"The island of Elugelab is missing!" President Eisenhower heard this short report on the Mike shot in Operation IVY from Gordon Dean, Chairman of the Atomic Energy Commission. The island where the device was detonated was vaporized. The hole Mike left was big enough to accommodate 14 Pentagon-size buildings and deep enough to hold 17 story building under water, in a crater one mile in diameter and approximately 175 feet deep. Mike's yield was an incredible 10.4 megatons, signaling the proof-tested expansion of the nuclear explosive technology concepts from nuclear fission to thermofusion. Thermofusion is the same process that occurs in the core of the Sun.
Mike was the first full-scale hydrogen explosive device to be tested, yet was only a scientific test of a thermofusion implosion device concept.
The Mike device was a 22-foot-long, 5-foot-diameter cylinder housing canisters of liquid hydrogen fuel. These liquid fuel canisters were heavily encased with the nuclear fission explosive trigger.
Operation Ivy was the first of many hydrogen bomb tests.
Spurred on by the Cold War, the United States was attempting to create nuclear weapons that improved upon those used at Nagasaki and Hiroshima. Through the combined efforts of the U. S. Army, Navy, and Air Force, and expert scientists, this mission was accomplished.
This test, however, was not the first test of a liquid thermonuclear explosive. The first test ever conducted into the fusion principle occurred during Operation GREENHOUSE at Eniwetok in 1951, with the 225 kiloton George test. Another test of hydrogen in the center of a nuclear weapon before Mike was during the GREENHOUSE Item test at Eniwetok, proving a critical stockpiling yield efficiency concept, called "boosting."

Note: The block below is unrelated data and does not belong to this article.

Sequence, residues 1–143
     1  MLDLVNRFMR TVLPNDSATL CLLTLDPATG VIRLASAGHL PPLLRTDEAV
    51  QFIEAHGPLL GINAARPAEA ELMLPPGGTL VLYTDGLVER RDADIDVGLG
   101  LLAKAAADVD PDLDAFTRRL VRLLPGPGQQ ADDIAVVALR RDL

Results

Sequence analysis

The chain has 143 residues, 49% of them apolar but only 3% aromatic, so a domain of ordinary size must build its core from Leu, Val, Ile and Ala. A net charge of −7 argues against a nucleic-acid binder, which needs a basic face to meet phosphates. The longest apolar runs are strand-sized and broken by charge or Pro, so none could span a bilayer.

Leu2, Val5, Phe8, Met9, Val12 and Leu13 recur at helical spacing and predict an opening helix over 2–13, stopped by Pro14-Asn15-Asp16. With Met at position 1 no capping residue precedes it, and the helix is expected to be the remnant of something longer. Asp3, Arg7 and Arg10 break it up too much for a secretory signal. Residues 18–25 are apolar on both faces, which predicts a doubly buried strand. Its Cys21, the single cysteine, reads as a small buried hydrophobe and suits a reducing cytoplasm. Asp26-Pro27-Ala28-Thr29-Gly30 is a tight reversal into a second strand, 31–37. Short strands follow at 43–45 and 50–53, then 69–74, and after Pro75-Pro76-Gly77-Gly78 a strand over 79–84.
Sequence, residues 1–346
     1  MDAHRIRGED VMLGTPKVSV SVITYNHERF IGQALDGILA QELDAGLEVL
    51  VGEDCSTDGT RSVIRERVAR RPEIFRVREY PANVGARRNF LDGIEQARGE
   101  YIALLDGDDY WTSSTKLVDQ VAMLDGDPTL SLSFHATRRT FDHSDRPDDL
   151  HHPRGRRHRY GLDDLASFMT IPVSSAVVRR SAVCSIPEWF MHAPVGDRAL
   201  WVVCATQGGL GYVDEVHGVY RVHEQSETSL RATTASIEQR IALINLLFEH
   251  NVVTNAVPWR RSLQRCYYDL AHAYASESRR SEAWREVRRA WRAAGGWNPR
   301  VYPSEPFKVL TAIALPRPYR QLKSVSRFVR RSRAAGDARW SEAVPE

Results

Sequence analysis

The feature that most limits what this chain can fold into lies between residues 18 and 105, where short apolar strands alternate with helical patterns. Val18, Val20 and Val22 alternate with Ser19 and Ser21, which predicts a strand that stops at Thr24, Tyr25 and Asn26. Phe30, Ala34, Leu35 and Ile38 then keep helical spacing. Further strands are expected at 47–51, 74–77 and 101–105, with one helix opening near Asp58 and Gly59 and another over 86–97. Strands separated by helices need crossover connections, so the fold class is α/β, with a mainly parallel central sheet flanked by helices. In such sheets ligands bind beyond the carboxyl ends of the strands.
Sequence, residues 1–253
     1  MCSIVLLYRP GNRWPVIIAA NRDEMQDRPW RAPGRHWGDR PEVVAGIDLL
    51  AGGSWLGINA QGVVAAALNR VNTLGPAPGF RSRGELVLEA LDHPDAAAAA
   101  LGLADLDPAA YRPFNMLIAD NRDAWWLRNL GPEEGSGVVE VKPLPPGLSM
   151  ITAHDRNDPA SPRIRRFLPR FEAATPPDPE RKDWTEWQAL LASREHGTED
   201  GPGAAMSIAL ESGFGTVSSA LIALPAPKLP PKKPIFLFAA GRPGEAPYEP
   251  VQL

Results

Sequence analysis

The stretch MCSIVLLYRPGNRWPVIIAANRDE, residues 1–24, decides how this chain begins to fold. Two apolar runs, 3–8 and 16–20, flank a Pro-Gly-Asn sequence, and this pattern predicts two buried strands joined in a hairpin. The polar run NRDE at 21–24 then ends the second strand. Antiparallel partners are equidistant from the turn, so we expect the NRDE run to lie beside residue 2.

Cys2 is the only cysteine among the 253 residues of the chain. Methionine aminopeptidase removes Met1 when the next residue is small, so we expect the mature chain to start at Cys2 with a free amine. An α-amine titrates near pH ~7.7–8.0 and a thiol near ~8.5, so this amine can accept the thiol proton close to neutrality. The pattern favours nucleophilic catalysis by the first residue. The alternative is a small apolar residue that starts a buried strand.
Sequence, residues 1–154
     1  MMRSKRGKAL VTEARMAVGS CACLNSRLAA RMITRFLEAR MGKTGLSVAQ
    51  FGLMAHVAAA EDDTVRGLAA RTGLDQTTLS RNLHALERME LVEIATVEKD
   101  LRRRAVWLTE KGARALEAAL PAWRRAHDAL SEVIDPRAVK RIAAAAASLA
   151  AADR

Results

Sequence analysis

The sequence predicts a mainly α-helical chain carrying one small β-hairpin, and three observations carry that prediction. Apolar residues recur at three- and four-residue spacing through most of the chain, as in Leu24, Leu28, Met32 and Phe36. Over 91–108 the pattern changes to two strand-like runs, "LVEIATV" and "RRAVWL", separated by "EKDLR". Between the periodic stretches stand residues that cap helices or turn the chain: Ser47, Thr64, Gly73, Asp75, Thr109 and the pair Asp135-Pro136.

The detonation of the Mike device was the climax of an intense debate over what would be the nation's correct response to the startling news in 1949 that the Soviet Union had detonated a nuclear weapon. Many wanted the U.S. to develop the means to produce and field a large number of fission bombs of varying yields which could be used for tactical purposes. Others believed that the country should institute a crash program like the Manhattan Project to develop a Super weapon based on the idea of forcing together or fusing light atoms with a fissile device to produce enormous amounts of energy.
After a bitter fight among scientific, government and military officials, the President opted for a crash program to demonstrate the Super bomb, now called a hydrogen or thermonuclear weapon. Many designs were evaluated and rejected until the Mike proposal came along. This concept involved the cooling of hydrogen fuel to a liquid form, near absolute zero, and fusing the hydrogen nuclei into helium using a nuclear fission bomb as a trigger. Mike was not a deliverable weapon.
The Mike shot occurred on October 31, 1952, as scientists watched from 40 miles away as the mushroom cloud rose into the stratosphere.
Mike was followed on November 15, 1952 by the King shot, the largest all-fission device ever tested by the United States. It was a uranium super oralloy Mark 18 prototype implosion core in a Mark 6D casing, with an advanced warhead that enabled it to produce 500 kilotons of equivalent TNT explosive energy.
Firing team commander, Stanley W. Burriss. He was an engineer by profession He later became among the greatest forces for creating the U.S. Fleet Ballistic Missile, and later, critical contributions to generations of Polaris, Poseidon, and Trident weapons systems. He managed this unprecedented scientific, engineering, and command management undertaking, which had profound effects on the civilian space program. Burriss retired as president of Lockheed Missiles and Space Company, after 25 years with Lockheed, and died in the spring of 1979.
The Ivy "Mike" Device
Major General Percy Clarkson
was supreme commander of
Joint Task Force 132.
Captain Jack S. Hartwick,
was the commander of the USS Estes, host to the Mike device firing control and Joint Task Force 132 operations command center.
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